Louie “Elevator Part 4″/ “Elevator Part 5” Review (4×07/4×08)

27 May


“A small bird died today from sadness. It was six years old.”

At first, it comes across as a funny one-liner to end the episode with, but we slowly realize that it’s Louie–and this elevator arc as a whole–in a nutshell: it’s the story of a sad man, a small man, someone who seems to be losing himself in a surreal environment.

And I don’t mean surreal in a good way. This surreality is framed by the various newscasts that pop up through the hour, newscasts that embrace absurdity and always have an undercurrent of death and destruction. They’re hilarious, too, but Louie doesn’t seem to notice the first one on the TV; in fact, neither do his daughters and Amia. He’s pulling everyone into his circle, but personal pain and disappointment seem like nothing compared to the fact that 12 million people died or that Cuba is now underwater. He’s just one guy screaming out the window in a city of millions.

Louie wants a simple life. He wants comfort. He is essentially every one of those people clapping for Todd Barry at the end of that magnificent story, one that’s simple in its sadness: all the rewards Barry receives seem like nothing–they are nothing–but the guy’s able to sell it so well that that’s what Louie wants. Louie wants lots of things, though, just like the rest of us.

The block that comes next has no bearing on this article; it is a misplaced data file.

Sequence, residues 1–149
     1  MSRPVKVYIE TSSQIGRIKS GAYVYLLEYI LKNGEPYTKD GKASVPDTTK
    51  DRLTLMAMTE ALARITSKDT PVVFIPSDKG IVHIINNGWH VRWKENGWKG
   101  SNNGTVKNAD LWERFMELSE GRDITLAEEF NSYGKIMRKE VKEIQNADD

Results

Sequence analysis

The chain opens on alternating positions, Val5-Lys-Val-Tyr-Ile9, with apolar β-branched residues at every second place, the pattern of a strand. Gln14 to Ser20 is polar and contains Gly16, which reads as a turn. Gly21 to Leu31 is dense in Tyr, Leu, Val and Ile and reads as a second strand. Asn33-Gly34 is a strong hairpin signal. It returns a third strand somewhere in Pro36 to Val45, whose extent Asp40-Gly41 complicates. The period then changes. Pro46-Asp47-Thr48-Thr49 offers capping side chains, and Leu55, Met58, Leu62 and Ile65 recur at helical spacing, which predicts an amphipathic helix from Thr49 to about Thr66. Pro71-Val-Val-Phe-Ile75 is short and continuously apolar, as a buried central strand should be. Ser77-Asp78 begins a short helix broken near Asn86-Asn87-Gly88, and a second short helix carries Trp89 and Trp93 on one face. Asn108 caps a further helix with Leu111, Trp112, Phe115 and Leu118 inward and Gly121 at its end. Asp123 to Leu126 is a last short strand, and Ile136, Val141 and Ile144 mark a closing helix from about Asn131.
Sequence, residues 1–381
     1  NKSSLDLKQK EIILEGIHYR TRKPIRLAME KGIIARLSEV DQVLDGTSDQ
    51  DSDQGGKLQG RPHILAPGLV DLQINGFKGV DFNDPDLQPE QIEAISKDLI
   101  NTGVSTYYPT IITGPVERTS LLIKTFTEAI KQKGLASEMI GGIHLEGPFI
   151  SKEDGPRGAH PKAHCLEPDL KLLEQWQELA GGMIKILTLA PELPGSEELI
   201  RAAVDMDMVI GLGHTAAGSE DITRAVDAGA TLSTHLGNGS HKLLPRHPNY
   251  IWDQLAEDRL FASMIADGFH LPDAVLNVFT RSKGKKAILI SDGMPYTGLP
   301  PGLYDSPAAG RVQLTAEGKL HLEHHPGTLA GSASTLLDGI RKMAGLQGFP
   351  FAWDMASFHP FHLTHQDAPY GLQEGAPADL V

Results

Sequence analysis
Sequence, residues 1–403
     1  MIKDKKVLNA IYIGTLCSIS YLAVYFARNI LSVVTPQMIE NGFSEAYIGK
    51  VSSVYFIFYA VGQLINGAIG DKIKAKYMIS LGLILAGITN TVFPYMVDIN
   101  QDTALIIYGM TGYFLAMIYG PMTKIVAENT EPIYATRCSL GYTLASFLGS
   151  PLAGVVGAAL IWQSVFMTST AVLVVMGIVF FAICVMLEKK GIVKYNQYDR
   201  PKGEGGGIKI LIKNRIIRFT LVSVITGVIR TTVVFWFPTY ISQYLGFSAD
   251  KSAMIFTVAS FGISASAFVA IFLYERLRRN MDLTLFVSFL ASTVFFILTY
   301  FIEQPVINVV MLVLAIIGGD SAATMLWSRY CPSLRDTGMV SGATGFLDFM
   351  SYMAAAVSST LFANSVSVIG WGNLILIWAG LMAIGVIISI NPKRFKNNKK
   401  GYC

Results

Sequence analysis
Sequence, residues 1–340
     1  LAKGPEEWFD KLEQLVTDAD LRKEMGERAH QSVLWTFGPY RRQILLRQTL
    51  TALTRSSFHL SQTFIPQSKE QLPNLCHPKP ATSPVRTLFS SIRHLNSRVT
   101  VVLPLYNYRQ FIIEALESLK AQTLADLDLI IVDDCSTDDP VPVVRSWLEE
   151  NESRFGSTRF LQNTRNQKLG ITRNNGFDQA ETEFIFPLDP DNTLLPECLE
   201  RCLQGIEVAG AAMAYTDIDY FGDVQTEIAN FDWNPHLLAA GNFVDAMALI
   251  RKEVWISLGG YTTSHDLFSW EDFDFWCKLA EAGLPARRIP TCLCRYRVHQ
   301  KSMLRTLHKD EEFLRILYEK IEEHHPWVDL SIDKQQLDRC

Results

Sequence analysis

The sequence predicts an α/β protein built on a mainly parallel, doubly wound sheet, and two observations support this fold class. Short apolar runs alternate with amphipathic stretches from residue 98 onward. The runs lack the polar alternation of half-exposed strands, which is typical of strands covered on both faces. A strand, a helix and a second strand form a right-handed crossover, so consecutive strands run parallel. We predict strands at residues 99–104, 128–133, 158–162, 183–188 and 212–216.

He wants Amia, for one, and he wants his daughters to have a good life. His storyline with Janet is a nice contrast to the Todd Barry monologue, with the chill contrasting with the warmth. Young Louie and Young Janet can find momentary pleasure, but they’re making an agreement that still has its ramifications now. The episodes deftly navigate the flashbacks and the present day, and Louie and Janet get a wonderful scene on the streets of New York City: Janet –and later Evanka–question the fact that he hasn’t slept with Amia yet, and these are two instances in which he’s forced to face the harsh reality of the situation. If he wants something, he has to get it.

It all culminates in the awkward, yet realistic, sex scene between him and Amia. This is Louie realizing that he can’t expect to maintain a relationship if he’s closed off, but the morning after scene is devastating. He’s once again without communication, and he can only watch helplessly as she leaves the room. He can only watch helplessly as he loses himself.

GRADE: A- for both parts


– “For that kind of money, we can pay to have Jane killed.” Janet’s reaction to that was sublime.

– “We are reporting the death of Lebron James, the rest of the Miami Heat, and 12 million other people.” Can these newscasts be a recurring segment, please?

– “He smells like kale.” Also, loved his huffy “I have to GO now.”

-Awesome casting for Young Louie. He really nailed the mannerisms down.

-So, a white woman was cast to play the role of young Janet. I’m sure it’s an intentional choice on CK’s part, and I like this take on the decision from the AV Club’s Todd VanderWerff: “I think what Louis C.K. is getting at here is something elemental: Young Louie and Louie are part of the same continuum. Young Janet grew up into literally a different person because of what happened. She has changed and evolved. Louie hasn’t. And that’s all the difference.”

-According to a commenter elsewhere, this is what Amia says at the end: Dear Louie, Thank you for leaving your shirt on during sex. Love, Amia.

Photo credit: FX, Louie

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